It's true, breakfast is the most important meal of the day. But without knowing it, many people are causing themselves problems by starting the day doing the following:
You drink orange juice all the time. Having a glass of orange juice daily may be the reason you’re packing up on the pounds. According to health expert Lisa Davis, M.D., Vice President of Scientific and Clinical Affairs at Medifast, some orange juices are loaded with sugar. "A healthy serving of orange juice is about as much as you could squeeze out of one orange." She suggests you stick to drinking water and eating an orange separately.
You choose to have breakfast on the go. Prefer to eat your meals on the road? Then you’re more likely to choose less healthy food options compared to when you plan and actually sit down for a proper meal. Also, since you're prone to eat in a hurry, you might not be able to digest your food well.
You skip it completely. Another big no-no! Due to people’s hectic schedules, they opt to skip breakfast so they could leave the house in no time, but according to Fox News, doing this lures you to a fat trap instead of saving you calories. Researchers from Imperial College London found that "when people went without a morning meal, their brain reward centres lit up when they were shown images of high-calorie foods"–that means it will be harder for you to turn down treats plus you’ll be gaining the calories you lost in the morning and so much more.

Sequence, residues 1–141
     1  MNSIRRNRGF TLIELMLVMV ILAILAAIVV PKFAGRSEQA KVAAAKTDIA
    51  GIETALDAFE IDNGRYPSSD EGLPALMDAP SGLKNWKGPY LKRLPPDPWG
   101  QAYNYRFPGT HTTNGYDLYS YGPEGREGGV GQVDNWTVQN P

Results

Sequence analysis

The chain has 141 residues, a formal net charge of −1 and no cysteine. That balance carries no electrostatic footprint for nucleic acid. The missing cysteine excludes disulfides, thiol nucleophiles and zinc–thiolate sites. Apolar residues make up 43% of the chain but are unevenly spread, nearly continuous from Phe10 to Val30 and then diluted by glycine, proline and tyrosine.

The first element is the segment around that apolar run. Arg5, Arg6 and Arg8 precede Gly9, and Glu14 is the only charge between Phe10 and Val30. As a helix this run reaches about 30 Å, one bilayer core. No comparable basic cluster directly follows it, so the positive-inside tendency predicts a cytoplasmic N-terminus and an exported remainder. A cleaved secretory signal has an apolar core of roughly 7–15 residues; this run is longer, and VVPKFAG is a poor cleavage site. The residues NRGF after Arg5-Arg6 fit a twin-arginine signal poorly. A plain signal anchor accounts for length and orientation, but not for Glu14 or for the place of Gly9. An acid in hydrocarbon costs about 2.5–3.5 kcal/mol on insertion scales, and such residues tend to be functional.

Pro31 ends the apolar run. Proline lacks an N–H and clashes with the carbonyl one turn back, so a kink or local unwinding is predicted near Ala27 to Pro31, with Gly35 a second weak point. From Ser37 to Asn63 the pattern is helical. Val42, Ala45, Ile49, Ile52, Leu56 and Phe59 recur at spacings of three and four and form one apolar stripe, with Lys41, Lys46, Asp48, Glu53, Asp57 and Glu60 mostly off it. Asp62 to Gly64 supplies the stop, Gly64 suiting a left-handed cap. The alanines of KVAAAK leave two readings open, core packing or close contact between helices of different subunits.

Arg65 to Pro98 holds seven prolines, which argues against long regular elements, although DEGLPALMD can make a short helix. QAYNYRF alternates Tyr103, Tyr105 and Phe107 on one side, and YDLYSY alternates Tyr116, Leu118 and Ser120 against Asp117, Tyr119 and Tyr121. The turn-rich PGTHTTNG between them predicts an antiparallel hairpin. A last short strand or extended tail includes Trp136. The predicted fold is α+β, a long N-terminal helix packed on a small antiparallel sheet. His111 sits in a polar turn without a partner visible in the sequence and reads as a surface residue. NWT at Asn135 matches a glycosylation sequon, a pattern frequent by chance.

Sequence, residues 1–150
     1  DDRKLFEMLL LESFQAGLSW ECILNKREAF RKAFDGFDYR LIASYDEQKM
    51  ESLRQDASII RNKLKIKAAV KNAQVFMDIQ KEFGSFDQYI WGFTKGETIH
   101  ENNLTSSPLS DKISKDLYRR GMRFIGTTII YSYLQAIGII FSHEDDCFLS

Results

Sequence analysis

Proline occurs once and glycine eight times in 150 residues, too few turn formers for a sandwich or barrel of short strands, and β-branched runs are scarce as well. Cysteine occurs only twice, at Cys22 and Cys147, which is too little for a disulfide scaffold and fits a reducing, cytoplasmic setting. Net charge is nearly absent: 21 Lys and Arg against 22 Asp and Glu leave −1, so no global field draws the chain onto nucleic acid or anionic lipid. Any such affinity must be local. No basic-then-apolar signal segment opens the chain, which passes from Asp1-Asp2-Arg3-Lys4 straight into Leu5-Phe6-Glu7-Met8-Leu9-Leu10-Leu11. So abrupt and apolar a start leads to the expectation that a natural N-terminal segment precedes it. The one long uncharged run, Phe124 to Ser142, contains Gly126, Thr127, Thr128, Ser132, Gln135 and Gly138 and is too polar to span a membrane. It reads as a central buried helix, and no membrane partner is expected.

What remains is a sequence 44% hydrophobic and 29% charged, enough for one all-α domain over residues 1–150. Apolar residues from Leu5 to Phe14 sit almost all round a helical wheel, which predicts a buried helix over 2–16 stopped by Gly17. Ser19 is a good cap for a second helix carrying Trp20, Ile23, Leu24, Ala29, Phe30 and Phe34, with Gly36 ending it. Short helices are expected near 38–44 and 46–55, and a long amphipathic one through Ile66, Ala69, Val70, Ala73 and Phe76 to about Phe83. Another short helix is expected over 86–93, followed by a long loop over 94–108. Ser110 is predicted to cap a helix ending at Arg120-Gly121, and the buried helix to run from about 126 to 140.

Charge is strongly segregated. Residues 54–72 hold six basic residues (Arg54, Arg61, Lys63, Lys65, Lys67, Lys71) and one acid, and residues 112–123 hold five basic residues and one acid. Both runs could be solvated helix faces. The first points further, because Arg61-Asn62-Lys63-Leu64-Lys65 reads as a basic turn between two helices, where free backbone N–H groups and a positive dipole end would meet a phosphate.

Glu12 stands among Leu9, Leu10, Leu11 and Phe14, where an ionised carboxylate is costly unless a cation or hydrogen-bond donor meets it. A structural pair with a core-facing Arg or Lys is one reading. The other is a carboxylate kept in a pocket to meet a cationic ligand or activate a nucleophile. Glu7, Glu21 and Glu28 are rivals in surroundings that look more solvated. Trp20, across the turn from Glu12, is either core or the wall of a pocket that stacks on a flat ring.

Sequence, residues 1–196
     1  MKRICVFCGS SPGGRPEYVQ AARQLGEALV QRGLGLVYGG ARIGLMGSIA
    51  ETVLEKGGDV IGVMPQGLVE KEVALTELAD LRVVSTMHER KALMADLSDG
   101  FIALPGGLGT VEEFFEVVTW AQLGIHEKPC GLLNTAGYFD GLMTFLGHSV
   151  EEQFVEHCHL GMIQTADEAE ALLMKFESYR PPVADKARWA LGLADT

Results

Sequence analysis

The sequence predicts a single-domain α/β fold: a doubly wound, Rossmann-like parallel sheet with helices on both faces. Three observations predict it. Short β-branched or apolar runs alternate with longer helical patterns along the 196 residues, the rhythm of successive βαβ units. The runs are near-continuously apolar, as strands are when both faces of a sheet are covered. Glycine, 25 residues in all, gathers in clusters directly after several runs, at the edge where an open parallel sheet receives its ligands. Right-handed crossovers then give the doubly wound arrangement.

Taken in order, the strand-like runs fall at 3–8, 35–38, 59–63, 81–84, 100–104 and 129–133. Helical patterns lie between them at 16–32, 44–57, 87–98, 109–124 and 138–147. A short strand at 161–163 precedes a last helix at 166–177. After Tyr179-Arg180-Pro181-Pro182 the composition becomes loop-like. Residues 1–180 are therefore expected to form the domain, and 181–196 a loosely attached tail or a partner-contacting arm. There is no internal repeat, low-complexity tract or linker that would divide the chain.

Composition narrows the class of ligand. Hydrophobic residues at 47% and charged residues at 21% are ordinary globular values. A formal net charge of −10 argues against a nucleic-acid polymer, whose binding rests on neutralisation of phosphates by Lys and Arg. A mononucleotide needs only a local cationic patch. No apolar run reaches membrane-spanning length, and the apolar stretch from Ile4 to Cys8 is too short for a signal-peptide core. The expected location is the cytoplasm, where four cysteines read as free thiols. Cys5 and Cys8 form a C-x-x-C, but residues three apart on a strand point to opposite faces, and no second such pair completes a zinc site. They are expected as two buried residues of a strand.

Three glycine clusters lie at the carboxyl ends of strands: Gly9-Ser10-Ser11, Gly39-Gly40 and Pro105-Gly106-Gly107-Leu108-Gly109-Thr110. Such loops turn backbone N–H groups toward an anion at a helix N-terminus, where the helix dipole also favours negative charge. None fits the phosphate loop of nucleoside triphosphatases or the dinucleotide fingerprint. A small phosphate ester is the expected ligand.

You don’t eat enough protein. According to a 2013 University of Missouri-Columbia study, eating a protein-rich breakfast helps curb your appetite throughout the entire morning. Kevin C. Maki, principal investigator of the study and a research scientist with Biofortis Clinical Research, a Mérieux NutriSciences company says, "Eating a breakfast rich in protein significantly improves appetite control and may help women to avoid overeating later in the day."
You drink your breakfast. Although smoothies and shakes are easy to chug down while on the go, it gives little satisfaction to the stomach. Richard Mattes, PhD, professor of foods and nutrition at Purdue University says, "Because they are a beverage, smoothies may have weaker satiety value than a solid food of similar energy."